TROUNCED by a four-goal margin by a rampant London side at Parkhead in a pre-season game.
Even worse, a former Celtic player getting on the scoresheet for the visitors in an embarrassing one-sided encounter.
The new Hoops manager, who had just taken over the club weeks beforehand, lamented: “There is no doubt that we need an experienced and dominant centre-half. The soft centre must be dealt with.”
It could have been a week ago when West Ham enjoyed a 6-2 romp in the east end of Glasgow, Armstrong Oko-Flex, allowed to leave in the summer, rolled the final goal beyond Scott Bain and Ange Postecoglou was forced to field the rookie double-act of Stephen Welsh, 21, and 18-year-old Dane Murray in the middle of his rearguard.
This, though, was August 1 1987 when Billy McNeill witnessed his side being decimated 5-1 by Arsenal, old favourite Charlie Nicholas getting on the scoresheet and the central defensive partnership of Roy Aitken and Derek Whyte failing to repel the raids of the visitors.
The legendary Celt had been brought back to Parkhead to replace his good friend Davie Hay and take charge as the side moved into its centenary year.
A week later, the Hoops kicked off their league campaign with an an away game against Morton at Cappielow and emerged with a 4-0 victory. Two of McNeill’s summer purchases were on target with Andy Walker claiming a double and Billy Stark notching one. Mark McGhee hit the other.
It had been a feverish summer of transfer activity for McNeill as he saw Mo Johnston move to Nantes, Murdo MacLeod to Borussia Dortmund, Brian McClair to Manchester United and Alan McInally to Aston Villa. Evergreen Danny McGrain had been allowed to switch to Hamilton Accies, dependable keeper Peter Latchford agreed a deal with Clyde and star winger Davie Provan was forced to retire.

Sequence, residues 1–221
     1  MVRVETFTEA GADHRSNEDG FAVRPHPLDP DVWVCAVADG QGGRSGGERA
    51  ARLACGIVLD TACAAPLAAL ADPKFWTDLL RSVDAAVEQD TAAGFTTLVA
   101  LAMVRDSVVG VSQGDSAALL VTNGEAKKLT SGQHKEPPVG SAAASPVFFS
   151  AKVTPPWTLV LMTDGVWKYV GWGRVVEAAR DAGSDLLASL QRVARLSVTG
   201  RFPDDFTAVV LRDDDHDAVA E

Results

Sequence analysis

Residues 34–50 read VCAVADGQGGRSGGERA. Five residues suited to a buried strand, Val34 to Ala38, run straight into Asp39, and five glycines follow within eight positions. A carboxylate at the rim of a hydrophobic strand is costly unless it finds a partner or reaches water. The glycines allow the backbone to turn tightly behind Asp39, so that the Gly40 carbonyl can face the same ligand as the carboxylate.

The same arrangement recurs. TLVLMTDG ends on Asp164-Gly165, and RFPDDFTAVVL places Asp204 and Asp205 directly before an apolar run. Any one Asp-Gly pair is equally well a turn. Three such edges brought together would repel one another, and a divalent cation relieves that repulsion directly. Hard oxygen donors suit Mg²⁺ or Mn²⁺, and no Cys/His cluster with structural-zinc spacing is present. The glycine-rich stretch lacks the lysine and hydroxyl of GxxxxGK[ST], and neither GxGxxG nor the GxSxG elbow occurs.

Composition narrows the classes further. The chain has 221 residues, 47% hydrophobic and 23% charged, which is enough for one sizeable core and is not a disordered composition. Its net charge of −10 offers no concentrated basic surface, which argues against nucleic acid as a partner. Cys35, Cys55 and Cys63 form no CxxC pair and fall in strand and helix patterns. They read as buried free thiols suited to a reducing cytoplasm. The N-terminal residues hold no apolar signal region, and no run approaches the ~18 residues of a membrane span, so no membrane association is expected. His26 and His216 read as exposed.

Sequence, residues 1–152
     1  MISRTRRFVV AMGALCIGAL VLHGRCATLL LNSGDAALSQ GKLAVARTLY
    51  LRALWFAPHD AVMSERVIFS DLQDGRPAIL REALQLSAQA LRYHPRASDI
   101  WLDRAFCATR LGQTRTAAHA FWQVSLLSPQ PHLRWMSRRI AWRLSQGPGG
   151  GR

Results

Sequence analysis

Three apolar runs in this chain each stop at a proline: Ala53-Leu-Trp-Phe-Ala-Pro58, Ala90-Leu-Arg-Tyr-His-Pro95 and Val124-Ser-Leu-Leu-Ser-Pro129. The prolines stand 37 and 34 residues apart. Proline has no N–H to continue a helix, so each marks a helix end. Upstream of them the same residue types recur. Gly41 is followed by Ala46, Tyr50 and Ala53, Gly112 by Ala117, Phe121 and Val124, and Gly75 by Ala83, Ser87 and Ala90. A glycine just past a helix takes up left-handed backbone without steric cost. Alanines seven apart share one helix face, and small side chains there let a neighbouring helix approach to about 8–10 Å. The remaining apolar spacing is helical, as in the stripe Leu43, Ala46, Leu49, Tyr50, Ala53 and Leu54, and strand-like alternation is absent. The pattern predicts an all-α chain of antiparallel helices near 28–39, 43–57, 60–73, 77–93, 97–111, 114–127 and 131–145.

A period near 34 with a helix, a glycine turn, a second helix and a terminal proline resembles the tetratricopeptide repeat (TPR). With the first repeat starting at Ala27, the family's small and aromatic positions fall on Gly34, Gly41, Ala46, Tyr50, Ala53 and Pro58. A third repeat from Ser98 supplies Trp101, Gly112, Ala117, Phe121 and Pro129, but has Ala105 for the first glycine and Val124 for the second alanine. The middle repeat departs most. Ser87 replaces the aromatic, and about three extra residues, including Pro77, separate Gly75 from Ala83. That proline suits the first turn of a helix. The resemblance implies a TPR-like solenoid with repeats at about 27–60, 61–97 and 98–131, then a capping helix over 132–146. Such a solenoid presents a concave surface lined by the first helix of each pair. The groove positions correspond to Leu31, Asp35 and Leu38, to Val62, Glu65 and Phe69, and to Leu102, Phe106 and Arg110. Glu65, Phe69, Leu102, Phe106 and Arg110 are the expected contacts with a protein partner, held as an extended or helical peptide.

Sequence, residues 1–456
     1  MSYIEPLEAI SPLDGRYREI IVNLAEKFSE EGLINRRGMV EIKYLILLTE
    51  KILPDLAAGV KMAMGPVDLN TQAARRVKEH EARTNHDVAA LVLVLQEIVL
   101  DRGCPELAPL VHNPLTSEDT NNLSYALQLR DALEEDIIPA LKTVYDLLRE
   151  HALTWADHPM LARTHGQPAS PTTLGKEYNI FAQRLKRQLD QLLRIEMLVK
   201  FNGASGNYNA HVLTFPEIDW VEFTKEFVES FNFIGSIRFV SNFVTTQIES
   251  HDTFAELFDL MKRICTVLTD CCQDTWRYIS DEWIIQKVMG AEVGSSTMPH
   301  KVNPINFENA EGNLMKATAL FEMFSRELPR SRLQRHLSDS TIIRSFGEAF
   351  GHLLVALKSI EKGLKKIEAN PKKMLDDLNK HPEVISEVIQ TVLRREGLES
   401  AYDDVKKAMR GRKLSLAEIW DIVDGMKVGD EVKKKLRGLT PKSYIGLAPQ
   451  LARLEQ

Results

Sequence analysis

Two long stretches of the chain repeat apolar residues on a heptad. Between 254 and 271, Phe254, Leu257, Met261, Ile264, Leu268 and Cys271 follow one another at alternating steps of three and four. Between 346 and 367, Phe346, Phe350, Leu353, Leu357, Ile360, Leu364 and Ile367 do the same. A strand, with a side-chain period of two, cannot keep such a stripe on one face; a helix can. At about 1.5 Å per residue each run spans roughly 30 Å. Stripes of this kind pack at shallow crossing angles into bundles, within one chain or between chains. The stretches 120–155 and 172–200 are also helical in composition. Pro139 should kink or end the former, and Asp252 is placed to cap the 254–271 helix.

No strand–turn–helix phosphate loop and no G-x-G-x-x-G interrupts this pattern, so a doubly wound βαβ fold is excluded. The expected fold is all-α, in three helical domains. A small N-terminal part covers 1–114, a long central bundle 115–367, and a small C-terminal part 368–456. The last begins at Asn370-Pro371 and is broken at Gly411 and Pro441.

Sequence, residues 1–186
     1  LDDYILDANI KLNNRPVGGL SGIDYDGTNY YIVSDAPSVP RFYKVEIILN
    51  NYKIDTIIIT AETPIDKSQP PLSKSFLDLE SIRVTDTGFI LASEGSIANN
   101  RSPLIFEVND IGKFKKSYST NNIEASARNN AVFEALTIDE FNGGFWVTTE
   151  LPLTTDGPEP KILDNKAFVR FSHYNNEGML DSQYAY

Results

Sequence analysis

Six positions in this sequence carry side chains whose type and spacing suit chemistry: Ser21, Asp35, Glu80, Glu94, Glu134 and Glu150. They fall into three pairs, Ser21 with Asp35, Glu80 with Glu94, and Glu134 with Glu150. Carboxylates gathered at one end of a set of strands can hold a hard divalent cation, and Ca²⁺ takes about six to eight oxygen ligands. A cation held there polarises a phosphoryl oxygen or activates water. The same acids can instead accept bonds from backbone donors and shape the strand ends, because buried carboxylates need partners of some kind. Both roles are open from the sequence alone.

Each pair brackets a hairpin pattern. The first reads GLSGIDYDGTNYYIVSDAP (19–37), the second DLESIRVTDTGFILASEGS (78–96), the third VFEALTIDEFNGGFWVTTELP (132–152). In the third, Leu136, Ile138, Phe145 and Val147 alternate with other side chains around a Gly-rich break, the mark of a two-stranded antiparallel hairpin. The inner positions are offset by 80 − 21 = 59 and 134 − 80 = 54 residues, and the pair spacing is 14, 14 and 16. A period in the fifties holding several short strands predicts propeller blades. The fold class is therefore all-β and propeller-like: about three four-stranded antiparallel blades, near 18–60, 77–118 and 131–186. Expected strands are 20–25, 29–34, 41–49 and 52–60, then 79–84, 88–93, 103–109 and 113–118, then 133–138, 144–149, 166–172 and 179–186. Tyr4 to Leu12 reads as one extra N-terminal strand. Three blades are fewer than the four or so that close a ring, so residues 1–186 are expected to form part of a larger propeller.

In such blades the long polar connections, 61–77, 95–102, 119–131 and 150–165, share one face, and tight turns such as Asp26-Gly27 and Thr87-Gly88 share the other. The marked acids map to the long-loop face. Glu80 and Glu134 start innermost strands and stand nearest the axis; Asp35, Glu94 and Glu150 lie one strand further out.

It all added to the feeling of the end of an era for Celtic.
McNeill was tasked with the challenge of leading the club into a bright, new future and the manager delivered big-style with a league and Cup double.
If Postecoglou requires inspiration he only needs to turn the clock back 34 years and look at how Billy McNeill responded following a humiliating pre-season hammering.
JOY BHOYS…Paul McStay and Frank McAvennie on their way to centenary glory.
Astute buys in the shape of Frank McAvennie, from West Ham, and Joe Miller, from Aberdeen, blended with other acquisitions such as right-back Chris Morris, frontman Walker and veteran midfielder Stark.
Mick McCarthy, Hay’s last buy for the club at £500,000 from Manchester City, came into the team after overcoming injury and was the man to seal the hole in the central defence.
The dramatic tale is told by author Alex Gordon in his latest Celtic book, ’50 Flags Plus One’, the tribute publication to the club’s glorious 51 untainted titles.
With insider knowledge, Alex, a former sports editor at the best-selling Sunday Mail, charts the remarkable about-turn in Celtic’s fortunes in one of the most memorable seasons in the club’s history.
* ‘CELTIC: 50 Flags Plus One’ celebrates the club’s remarkable fifty-one league championships in their glorious history. To order a copy – and get a FREE book, ‘Seville: The Celtic Movement’ – please go to:‘CELTIC: 50 Flags Plus One’.